Post World War II: Five men, stuck out in the middle of nowhere, tending machinery in the desert. The heat. The wind-blown sand. The relentless, empty horizon. There’s already conflict simmering among them: German/English. Class divisions. New kid in town/old dog who rules with an iron fist. “It’s this place…we’ve been here too long…I don’t know what’s happening to me,” says one. Really, these guys don’t need any kind of aggravation to add to their lot.
Enter, in an out-of-control car that somehow materializes in the middle of the desert, Carroll Baker.
STATION-SIX SAHARA is a tough find. The only copy I’ve gotten, after yeeeeears of looking, is a second-generation VHS dupe that was taken from a scratchy print to begin with, marred by a badly flickering image (not ‘flag waving’ at the top of the frame but a stroboscopic fluttering), and a slow ‘roll bar’ effect repeatedly crawling up the screen. I’ve cleaned it up with filters on Virtualdub and Avidemux and managed to get rid of the flickering and the rolling as well as improving the contrast/black levels. While it’s still not great, it’s certainly a lot better than it was before.
Baker completists will surely be interested to see this (her only purpose in the story seems to be to boil up everyone’s testosterone – cue the completely inappropriate Sahara Desert wardrobe: black dress, towel, bra and short shorts, bathrobe) but it’s also a must-see for Denholm Elliott who gives a fine character performance here as an edgy ex-Major who was in the campaign at El Alamein. The film’s best scenes having him butting heads with non-com Ian Bannen, who delights in antagonising him. The scene in which Bannen sets up the major with a deal to buy an unopened letter had me chuckling like a loon all the way through it, and becomes a sort of running gag throughout the rest of the movie. The Major/Minor conflict is paired off against Peter van Eyck and Hansjorg Felmy, both playing Germans who similarly vie for control over each other (“What kind of German are you?”), which comes to a head in a high-stakes game of poker.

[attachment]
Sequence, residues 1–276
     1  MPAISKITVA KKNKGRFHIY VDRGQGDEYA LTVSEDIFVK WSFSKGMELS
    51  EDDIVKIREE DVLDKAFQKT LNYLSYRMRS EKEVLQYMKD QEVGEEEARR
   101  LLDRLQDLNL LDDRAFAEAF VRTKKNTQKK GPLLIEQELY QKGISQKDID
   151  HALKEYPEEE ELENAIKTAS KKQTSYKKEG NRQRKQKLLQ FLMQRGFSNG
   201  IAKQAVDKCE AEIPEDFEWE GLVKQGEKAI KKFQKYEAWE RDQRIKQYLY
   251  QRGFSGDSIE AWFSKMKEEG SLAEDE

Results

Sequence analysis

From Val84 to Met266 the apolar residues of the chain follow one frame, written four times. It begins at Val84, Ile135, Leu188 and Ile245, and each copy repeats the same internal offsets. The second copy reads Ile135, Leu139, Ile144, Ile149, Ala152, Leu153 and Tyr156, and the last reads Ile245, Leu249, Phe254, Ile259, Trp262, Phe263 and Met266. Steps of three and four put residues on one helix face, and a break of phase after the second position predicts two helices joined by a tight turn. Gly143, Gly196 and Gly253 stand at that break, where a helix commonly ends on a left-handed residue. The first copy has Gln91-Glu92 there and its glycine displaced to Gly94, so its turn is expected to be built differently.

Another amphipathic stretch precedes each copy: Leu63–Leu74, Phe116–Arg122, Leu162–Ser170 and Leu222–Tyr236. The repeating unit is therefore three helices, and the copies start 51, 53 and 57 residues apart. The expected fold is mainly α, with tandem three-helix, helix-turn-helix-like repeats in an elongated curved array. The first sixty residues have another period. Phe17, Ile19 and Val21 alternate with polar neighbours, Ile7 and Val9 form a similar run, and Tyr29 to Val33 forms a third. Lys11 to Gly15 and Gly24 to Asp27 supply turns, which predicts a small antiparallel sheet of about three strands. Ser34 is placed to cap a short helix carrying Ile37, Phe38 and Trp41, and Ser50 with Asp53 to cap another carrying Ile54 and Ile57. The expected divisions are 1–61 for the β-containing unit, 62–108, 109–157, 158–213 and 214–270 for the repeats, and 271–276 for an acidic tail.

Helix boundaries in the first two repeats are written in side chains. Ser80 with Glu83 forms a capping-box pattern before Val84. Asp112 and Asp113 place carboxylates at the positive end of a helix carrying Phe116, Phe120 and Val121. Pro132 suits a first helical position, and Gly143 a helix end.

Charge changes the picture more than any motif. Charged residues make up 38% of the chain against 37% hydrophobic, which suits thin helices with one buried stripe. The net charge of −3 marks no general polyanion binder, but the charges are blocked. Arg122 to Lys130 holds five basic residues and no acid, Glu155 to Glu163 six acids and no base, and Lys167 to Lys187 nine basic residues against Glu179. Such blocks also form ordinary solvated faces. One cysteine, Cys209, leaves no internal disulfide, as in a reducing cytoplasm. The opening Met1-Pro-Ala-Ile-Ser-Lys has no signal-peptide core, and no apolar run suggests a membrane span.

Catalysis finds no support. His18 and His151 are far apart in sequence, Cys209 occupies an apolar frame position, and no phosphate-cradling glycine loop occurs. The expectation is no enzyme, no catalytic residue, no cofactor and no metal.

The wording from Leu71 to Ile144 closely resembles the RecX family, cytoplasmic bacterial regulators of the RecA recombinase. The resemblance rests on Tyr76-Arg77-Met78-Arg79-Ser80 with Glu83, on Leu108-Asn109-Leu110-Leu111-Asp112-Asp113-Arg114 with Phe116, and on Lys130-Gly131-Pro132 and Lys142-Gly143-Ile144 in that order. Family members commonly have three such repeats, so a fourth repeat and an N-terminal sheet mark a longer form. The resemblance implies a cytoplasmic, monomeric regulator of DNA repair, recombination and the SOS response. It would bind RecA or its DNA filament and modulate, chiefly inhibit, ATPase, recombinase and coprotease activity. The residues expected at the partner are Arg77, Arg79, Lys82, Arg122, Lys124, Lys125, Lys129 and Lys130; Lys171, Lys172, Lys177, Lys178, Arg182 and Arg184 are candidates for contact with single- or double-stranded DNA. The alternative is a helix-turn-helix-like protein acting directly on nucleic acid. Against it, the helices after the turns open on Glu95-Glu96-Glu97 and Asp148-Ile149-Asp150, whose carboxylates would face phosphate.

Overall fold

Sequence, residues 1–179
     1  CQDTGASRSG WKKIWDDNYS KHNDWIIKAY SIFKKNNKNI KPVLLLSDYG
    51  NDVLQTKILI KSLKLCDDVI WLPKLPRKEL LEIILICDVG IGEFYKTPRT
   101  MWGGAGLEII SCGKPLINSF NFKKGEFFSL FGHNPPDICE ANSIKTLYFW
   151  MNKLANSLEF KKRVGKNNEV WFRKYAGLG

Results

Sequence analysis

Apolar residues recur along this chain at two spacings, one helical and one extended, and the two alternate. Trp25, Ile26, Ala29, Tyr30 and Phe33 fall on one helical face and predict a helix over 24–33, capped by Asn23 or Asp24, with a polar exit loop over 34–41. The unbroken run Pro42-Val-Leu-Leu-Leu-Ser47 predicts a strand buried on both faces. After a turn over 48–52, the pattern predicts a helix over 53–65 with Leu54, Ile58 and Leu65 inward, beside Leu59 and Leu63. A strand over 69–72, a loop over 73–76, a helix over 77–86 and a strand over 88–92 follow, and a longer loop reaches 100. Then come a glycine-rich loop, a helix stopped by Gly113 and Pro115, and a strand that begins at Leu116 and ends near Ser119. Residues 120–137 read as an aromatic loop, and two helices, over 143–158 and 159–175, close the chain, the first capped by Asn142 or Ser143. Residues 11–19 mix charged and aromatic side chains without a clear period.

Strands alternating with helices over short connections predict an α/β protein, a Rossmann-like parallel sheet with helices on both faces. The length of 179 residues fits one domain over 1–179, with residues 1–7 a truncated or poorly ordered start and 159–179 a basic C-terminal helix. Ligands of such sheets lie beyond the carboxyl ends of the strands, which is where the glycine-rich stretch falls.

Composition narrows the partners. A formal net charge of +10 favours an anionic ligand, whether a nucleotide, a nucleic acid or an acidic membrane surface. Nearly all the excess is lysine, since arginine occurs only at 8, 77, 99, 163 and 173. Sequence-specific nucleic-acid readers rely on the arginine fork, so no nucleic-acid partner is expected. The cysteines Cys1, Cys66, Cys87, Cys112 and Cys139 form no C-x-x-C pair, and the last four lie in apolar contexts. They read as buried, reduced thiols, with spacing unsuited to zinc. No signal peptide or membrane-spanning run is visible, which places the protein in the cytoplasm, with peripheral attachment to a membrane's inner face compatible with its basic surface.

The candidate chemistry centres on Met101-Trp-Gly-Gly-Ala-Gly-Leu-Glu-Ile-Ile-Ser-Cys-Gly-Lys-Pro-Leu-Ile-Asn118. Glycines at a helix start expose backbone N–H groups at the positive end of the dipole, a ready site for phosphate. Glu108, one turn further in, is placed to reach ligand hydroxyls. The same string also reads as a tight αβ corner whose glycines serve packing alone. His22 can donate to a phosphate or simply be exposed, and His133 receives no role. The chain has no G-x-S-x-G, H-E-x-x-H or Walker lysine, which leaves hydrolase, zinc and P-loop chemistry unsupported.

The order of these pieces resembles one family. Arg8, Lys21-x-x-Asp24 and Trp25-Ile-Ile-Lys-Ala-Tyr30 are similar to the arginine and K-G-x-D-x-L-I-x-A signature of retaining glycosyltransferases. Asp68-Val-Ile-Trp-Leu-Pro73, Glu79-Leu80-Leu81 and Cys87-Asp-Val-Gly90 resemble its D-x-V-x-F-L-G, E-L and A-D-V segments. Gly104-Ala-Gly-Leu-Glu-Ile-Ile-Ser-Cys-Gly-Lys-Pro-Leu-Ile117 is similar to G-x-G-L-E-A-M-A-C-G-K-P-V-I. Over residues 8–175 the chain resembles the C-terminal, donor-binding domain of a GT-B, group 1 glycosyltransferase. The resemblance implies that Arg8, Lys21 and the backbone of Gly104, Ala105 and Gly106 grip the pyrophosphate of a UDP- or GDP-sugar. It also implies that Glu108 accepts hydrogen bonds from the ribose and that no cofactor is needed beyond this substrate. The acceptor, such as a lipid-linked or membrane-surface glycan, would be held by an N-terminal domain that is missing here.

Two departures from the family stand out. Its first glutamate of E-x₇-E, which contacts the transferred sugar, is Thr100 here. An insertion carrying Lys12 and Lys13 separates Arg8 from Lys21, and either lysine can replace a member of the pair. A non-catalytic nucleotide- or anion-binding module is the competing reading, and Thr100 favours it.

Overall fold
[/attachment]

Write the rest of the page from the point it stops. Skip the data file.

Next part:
Let’s not pretend that we don’t know how these racked-up tensions are going to be resolved. At least one person has to get knocked off by the end, right? The question (and maybe surprise; at least it was for me) is who?
Director Seth Holt’s career didn’t extend beyond a few Hammer/Amicus productions, but the screenplay was by Bryan Forbes (who went on to direct lotsa great movies) AND Brian Clemens (who, among a ton of other movie and TV credits, was the main writer for THE AVENGERS in the 60s).